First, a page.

Vacation home & short-term rental

Discussion in 'Real Estate' started by CloneGuy8, May 2, 2018.

  1. CloneGuy8

    CloneGuy8 Well-Known Member

    Mar 20, 2017
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    This isn't something I'd do for a couple years, but someday I'd like to buy a vacation home on the beach (somewhere in Florida probably; love California but real estate on the beach in CA is not in my price range). The idea would be to hire a property management company and have it rented out as a short-term rental on sites like airbnb, and then be able to use it a couple times a year. Does anyone have experience doing this? Do you make enough off short-term rentals to pay the mortgage? Does having a property management company take care of the headaches of owning property in another state?
     
  2. MeanDean

    MeanDean Well-Known Member

    Jan 5, 2009
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    There are some properties like that, but most of the residential properties I looked at before buying have strict rental regulations. The residents who live there full time do not want short term rentals and the problems they can bring (noise, damage, crime). Thus most have a minimum rental period allowed.

    Our condo the minimum you can rent a unit out is 3 months. Some are 2 months. I don't know any less than 2 months. This works well as most renters view the peak season as Jan, Feb and March. Some go 4 months and stay through April. Others will do more in the Fall, but most don't want to come down until after Christmas.

    There are management teams associated with realtors that match the client with the owners, but most of the rental agreements are managed by the condo managers.

    And yes, you could try to work outside the system but be aware that condo owners know pretty much who does and does not belong and will bust someone who doesn't follow the rules.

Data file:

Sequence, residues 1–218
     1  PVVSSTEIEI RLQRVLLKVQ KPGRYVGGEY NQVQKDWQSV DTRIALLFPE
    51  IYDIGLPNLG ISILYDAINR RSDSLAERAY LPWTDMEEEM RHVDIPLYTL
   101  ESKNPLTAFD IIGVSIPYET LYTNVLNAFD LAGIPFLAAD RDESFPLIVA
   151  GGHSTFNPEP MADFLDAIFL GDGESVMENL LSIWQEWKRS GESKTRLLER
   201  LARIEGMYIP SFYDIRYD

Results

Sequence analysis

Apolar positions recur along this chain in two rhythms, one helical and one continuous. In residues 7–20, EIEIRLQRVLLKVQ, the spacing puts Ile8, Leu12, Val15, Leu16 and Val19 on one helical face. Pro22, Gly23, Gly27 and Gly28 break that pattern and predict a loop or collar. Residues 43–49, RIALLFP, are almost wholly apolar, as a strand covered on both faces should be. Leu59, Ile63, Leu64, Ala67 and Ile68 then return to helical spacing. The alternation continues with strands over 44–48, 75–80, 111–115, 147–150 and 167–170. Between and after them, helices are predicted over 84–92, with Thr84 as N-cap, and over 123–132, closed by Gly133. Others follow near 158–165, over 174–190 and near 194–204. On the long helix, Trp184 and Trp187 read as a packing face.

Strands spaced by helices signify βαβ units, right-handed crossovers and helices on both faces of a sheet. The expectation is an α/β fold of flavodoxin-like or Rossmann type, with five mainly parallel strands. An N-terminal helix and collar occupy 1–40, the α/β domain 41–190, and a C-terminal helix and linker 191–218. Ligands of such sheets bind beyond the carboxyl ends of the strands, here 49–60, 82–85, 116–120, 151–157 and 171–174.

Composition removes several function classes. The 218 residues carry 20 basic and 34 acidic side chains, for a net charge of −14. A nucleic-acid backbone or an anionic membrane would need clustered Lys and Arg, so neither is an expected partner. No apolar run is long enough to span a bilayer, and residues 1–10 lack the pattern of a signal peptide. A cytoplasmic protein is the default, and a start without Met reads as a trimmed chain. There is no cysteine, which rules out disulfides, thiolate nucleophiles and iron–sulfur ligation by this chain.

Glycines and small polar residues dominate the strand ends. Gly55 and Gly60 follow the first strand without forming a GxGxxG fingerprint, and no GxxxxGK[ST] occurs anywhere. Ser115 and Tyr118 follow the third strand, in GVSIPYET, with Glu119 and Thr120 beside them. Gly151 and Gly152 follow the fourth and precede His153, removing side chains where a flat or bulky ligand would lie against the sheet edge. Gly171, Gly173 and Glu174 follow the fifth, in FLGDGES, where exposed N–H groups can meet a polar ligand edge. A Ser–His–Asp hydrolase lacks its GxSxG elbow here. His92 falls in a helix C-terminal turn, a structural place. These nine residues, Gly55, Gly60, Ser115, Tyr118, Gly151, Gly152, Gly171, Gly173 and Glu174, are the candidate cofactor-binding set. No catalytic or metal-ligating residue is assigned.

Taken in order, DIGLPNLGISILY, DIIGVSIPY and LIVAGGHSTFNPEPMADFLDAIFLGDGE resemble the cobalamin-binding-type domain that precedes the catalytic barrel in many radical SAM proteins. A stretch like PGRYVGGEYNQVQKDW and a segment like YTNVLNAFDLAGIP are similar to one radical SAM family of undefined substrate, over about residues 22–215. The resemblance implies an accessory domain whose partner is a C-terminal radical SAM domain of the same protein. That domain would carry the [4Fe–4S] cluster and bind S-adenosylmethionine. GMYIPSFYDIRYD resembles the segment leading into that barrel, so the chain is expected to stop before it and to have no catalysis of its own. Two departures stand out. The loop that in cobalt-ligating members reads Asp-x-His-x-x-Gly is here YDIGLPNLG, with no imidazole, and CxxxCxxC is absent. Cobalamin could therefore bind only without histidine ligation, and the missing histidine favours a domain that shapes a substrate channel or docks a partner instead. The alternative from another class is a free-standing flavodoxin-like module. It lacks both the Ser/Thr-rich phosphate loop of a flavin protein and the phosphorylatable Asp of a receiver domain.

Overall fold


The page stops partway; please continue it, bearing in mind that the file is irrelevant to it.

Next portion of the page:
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  3. 2forISU

    2forISU Well-Known Member

    Oct 8, 2008
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    I have looked into this and it depends on the area. The following site is a good starting point for analysis on what you could expect on rental returns. I was also curious about tax write-offs, depreciation, etc)
    http://blog.airdna.co/buy-vacation-home-properties-2017/

    Couple other links that I have stumbled across:
    https://www.forbes.com/sites/ellenparis/2018/03/06/best-places-to-buy-vacation-rental-properties-in-2018-will-surprise-you/#450b26cf3f4b
    https://www.usatoday.com/story/travel/destinations/2018/03/08/20-best-places-buy-vacation-rental/405016002/
     
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  4. cycloneworld

    cycloneworld Facebook Knows All

    Mar 20, 2006
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    In general, it is better just to pay for a place for the couple of times/weeks you'll be there than deal with short term rentals 50 other weeks (if allowed, as others have said) - unless you have another end goal in mind like permanent retirement, etc.

    Owning rental properties (even with a property manager) is not a hands-off experience. If you know that going in and are okay with it, that's great. But I've seen too many people (and bought some of their properties) think of real estate as passive income when its really not.